5. Get out to the parks and talk to people with fifth wheels. Ask them your questions. Keep it general ("why did you choose a dually instead of a SRW? Why did you choose a SRW instead of a dually?" rather than "why did you buy an ABC123 instead of an XYZ456?") When we were in the research stage, more than 10 years ago, it seemed at first like every answered question raised six more questions. Eventually, though, some points started to percolate to the top and we were able to make some decisions about what to get.

Consider purchasing a "learner rig." Find a used toy hauler and used truck and see how it works out. Most likely you will quickly realize that you don't have the right rig for your fulltime adventures. That's fine. You don't have a lot of money tied up in it, so you can trade truck and/or trailer for something else that may meet your needs a little better. Many people go through this several times before they buy a new truck/trailer combination. Remember that both truck and trailer depreciate quite a bit as soon as you title them, which is why it is strongly recommended that you buy used at first.

Good luck with your adventures. Plan your flight, then fly your plan works just as well with RVs.

David, kb0zke 1993 Foretravel U300 40' for sale
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Old 10-22-2023, 08:44 AM   #3
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Location: Near Anderson, Indiana
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Wow! I looked up your model of trailer on the Internet, several dealerships, and the average price is around $187,000, with monthly payments around $1200 a month. But, that IS one really, really nice looking trailer!

That trailer is also 8 feet 5 inches wide and fully loaded (with water and everything), you will definitely be in the 20,000 pound range. Simply put, a trailer of that size being pulled by a single wheeled axle truck will be a sorrowful experience. The tail will definitely be wagging the dog. The shear weight of the trailer itself will cause this.... even if the truck stats say it can haul or pull such weight, the shear size of the thing will shove and push the truck and cause it to feel weird all the time. Ad your toys in the trailer garage and you are reducing some of the tongue weight and that will affect the weight in the bed of the truck. That will also cause some weird and unwanted driving behavior with a truck that light (compared to what it's pulling).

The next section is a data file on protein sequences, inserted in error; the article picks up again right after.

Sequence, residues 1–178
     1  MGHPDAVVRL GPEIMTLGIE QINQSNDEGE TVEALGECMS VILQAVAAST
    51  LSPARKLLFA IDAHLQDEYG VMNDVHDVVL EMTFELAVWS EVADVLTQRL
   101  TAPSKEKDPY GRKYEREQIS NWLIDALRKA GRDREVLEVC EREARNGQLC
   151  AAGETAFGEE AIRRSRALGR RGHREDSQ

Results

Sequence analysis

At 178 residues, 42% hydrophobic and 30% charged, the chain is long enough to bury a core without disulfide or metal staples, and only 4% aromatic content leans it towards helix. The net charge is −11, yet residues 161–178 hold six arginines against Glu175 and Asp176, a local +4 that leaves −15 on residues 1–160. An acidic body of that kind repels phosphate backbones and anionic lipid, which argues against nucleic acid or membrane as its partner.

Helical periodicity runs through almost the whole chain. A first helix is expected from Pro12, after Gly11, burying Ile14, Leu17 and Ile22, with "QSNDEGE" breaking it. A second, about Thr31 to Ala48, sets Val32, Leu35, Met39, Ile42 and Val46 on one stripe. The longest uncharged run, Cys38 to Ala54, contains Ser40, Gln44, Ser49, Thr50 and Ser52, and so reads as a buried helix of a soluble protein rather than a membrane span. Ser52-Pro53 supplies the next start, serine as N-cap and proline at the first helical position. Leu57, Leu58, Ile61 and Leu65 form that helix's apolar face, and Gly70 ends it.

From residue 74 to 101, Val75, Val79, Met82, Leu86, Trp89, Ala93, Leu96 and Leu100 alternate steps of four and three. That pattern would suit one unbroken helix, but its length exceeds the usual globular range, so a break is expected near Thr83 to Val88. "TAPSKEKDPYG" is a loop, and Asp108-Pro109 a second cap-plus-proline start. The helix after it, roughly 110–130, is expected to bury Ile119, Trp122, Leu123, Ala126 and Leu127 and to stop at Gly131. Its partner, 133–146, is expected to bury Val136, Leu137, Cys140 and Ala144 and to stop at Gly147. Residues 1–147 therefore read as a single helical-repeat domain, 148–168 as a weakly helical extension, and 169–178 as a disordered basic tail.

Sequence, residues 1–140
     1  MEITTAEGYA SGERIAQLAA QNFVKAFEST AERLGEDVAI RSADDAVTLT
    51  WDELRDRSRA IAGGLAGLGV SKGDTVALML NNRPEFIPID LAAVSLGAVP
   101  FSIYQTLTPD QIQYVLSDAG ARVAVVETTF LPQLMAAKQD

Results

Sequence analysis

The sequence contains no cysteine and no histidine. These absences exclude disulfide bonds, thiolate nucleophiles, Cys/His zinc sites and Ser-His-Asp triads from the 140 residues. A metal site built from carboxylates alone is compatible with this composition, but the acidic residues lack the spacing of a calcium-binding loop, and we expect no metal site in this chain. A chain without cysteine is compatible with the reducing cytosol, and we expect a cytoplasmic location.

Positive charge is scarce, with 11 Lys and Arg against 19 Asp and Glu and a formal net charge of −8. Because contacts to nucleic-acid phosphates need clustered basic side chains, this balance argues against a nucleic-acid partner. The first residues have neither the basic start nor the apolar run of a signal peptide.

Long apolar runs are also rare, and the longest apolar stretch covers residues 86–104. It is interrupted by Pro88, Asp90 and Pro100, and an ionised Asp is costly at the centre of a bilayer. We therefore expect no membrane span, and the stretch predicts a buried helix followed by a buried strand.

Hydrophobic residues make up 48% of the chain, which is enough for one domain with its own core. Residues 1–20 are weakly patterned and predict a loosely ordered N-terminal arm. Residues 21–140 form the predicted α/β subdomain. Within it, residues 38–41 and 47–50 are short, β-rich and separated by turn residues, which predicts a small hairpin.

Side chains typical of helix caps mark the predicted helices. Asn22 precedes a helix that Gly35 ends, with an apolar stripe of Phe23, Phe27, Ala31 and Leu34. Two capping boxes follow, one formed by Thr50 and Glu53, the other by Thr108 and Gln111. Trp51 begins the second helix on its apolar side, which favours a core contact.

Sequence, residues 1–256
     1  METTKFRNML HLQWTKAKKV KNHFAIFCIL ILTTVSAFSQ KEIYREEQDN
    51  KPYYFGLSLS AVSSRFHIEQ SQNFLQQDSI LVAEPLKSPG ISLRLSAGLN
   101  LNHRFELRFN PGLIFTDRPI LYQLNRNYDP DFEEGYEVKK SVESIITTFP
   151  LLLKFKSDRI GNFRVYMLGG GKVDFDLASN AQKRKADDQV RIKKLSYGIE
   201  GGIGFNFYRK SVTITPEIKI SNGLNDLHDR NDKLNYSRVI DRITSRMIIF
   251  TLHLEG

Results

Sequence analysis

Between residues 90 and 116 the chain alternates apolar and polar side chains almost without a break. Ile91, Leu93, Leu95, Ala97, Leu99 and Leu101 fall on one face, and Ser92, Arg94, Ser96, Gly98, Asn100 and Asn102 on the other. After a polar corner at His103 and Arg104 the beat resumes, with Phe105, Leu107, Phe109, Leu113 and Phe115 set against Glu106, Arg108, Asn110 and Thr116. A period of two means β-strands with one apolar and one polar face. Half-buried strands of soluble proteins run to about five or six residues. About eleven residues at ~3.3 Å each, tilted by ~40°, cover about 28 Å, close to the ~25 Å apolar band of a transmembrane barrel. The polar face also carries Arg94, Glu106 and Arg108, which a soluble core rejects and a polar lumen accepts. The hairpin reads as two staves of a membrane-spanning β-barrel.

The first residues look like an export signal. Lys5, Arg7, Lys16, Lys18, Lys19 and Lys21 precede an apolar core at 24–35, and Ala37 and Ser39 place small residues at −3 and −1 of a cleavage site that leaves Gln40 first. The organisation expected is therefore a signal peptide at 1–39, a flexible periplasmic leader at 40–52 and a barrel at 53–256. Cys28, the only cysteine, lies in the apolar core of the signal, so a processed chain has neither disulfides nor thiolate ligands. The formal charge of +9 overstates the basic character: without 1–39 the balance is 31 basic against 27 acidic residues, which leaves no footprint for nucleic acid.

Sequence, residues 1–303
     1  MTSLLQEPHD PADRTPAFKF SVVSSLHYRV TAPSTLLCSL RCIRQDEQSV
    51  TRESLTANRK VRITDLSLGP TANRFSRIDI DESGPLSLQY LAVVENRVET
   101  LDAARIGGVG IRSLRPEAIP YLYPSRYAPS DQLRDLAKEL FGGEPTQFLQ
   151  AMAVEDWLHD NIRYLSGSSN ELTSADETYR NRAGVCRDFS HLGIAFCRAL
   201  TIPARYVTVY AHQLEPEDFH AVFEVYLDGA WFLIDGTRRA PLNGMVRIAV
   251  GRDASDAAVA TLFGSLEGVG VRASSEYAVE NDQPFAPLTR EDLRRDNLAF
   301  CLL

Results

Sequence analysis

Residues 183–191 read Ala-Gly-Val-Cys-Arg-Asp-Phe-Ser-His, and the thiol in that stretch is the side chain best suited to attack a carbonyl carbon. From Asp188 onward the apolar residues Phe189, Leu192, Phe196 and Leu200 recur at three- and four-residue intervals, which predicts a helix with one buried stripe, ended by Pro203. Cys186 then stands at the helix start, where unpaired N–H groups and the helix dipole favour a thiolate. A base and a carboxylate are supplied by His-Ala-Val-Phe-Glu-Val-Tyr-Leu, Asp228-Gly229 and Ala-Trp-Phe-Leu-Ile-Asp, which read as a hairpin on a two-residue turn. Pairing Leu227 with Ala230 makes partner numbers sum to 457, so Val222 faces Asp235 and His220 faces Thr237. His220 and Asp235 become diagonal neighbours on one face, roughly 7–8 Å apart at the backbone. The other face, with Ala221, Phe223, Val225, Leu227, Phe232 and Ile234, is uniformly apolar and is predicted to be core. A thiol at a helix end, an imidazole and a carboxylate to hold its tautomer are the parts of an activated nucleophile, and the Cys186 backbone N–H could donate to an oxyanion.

One thing you ABSOLUTELY need to have is 100% control of are the brakes. Can the truck ... by itself ... STOP the entire rig if the brakes on the trailer go out suddenly. The answer is, NO. A single wheeled axle will NOT have enough braking power or traction on the road to keep things under good control..... And yes, you can expect the trailer brakes to fail sometime in the life of your RVing experience. It happens to all of us at one time or another for multiple reasons, and every one of them seems to be something different. But it does happen.

The shear size of the trailer (40 feet long, 8 feet 5 inches wide) over 20,000 pounds loaded might even be in MTD territory.

I strongly suggest you consider a beefier truck if you want a safe and comfortable tow experience.